I am not a fashion designer, and on a given day my outfit consists of jeans, a hoodie and some beat up sneakers, however this does not mean I am indifferent. I think attention to beauty in all forms, including fashion goes with working in visual arts – you simply pay attention, even if you can’t be bothered to actively participate.

So as I said – I am certainly not a fashion designer, but if I were to make clothes, I would make them as Sybilla Sorondo – more often known as Sybilla.

Sybilla was an icon in Spanish and international fashion scene in the 80’s. Or so I read online. When I met her in 2009 I certainly had no idea. I had just quit my corporate design job in Geneva, and was looking to get back into doing arts again. I had some money in the bank, and joined a crazy self-development course that met every month  for a weekend in NYC. This is where I met Sybilla.

Fun fact was that it was Sybilla who was indirectly responsible for my eventually adapting my artist name March. I was playing around with the idea of this name, and when I shared it with her, and that I was moving to Barcelona – her response was  ‘you have to do it and it’s a perfect name.’  Her reasons had to do with the Spanish family by the name of March, and her own connection with one of the family members. Now this seems like rather abstract reasoning, but at the time it made perfect sense, and my pen name became Alexandra March. I do not now recall all the details of that busy summer, but later I met Sybilla in her home in Madrid, and she very generously  let me stay at her holiday house in Mallorca. For a blissful week or so, I walked through the olive orchards of Deià, and swam in the sea full of jelly fish.  Again at this moment I still had no real understanding of her work or of its scope.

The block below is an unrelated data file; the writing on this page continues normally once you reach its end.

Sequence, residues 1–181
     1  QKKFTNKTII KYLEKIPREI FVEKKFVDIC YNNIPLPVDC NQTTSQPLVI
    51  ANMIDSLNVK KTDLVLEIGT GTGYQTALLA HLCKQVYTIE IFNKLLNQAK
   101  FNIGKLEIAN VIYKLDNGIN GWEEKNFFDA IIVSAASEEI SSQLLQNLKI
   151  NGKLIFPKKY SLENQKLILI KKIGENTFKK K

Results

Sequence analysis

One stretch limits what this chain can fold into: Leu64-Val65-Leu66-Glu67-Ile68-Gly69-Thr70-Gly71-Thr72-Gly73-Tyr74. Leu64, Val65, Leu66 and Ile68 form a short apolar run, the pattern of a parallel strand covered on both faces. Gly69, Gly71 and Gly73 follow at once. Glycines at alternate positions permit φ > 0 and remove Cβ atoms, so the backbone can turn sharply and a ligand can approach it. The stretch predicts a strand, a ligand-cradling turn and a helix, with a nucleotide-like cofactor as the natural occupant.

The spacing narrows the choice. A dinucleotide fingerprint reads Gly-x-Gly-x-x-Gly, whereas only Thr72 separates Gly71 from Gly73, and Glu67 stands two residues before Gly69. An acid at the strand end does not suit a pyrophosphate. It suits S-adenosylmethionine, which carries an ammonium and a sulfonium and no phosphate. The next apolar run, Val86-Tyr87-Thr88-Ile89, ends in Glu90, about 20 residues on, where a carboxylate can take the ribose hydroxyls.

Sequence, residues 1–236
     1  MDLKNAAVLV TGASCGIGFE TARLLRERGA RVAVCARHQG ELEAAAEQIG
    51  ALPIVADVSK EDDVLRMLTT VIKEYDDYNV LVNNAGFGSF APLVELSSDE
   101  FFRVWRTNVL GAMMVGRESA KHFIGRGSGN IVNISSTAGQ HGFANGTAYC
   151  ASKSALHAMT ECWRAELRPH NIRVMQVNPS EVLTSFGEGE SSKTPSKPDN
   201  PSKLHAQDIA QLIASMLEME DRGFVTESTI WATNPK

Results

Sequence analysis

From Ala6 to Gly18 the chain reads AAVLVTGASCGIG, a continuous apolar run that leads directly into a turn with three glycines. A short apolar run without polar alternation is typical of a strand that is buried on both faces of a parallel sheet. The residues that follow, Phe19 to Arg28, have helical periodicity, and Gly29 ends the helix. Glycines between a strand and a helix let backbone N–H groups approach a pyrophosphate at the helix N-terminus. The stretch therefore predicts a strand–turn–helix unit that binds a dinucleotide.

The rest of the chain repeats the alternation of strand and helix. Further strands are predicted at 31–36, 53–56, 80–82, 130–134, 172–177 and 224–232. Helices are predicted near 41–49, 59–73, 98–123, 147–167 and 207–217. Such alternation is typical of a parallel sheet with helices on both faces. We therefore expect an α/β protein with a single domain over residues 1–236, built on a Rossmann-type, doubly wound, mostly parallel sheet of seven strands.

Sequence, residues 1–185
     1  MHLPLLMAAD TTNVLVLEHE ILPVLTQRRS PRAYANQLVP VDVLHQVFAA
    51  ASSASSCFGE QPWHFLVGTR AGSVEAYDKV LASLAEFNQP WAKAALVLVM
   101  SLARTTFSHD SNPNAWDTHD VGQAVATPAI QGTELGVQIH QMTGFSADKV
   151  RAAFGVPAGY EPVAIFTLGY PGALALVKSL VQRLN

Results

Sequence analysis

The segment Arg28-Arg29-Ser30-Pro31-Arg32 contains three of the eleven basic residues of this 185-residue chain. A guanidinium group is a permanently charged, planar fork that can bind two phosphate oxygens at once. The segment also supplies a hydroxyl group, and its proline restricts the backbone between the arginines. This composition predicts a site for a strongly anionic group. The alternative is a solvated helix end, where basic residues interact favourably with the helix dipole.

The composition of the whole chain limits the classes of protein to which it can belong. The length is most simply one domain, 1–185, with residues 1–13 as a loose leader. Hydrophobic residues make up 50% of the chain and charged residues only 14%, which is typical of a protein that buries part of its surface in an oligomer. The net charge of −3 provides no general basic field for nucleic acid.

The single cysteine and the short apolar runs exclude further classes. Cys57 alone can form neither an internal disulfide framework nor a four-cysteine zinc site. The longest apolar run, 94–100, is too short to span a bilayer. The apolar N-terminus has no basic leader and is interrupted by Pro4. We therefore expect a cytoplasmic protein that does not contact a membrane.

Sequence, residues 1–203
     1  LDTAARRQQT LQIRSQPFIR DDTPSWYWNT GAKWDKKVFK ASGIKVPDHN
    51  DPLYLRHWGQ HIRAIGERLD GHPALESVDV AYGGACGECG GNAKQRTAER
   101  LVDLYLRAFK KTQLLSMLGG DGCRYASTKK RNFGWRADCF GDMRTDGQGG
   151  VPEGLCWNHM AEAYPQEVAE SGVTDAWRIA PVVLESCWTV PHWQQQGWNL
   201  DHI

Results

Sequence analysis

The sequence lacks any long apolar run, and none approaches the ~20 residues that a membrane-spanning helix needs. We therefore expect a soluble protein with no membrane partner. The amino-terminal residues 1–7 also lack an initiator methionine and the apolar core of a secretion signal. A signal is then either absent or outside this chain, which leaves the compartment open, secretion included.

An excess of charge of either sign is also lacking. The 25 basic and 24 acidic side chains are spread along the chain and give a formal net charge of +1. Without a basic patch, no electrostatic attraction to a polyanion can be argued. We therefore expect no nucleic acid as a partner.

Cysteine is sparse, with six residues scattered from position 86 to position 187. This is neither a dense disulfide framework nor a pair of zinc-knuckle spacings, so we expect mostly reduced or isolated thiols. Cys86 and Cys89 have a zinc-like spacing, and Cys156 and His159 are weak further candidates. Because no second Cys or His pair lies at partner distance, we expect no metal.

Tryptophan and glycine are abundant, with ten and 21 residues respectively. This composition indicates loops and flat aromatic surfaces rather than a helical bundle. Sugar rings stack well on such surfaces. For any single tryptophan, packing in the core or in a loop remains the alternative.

I distinctly remember how when we met in Spain she looked decidedly glamorous. The way that film stars, or celebrities have an easy fashionable look about them – this took me by surprise.

It was not until some years later that I really looked up her work, both for children’s /youth line called Jocomomola, but even more importantly the clothes line which had just recently designed, and that was really spectacular. At that moment I was experimenting with fabric print design, and so was keeping my eye on clothes a bit more closely. Her new line of clothes was something else however:

Bold colors: primary colors, blacks, reds, whites. Dresses that folded out like Japanese kimonos but completely western. Her work is both playful and extremely sophisticated. The lines are just perfect. These clothes are minimal and extravagant, and are complete without any extras.

There is also something sporty about them, which is of course another reason why the minimalist in me likes them so much. So I will end as I have begun – if I was to make clothes, I would do it as Sybilla Sorondo.

** Images are property of Sybilla, Ecoalf, RTEV, and Juan Gatti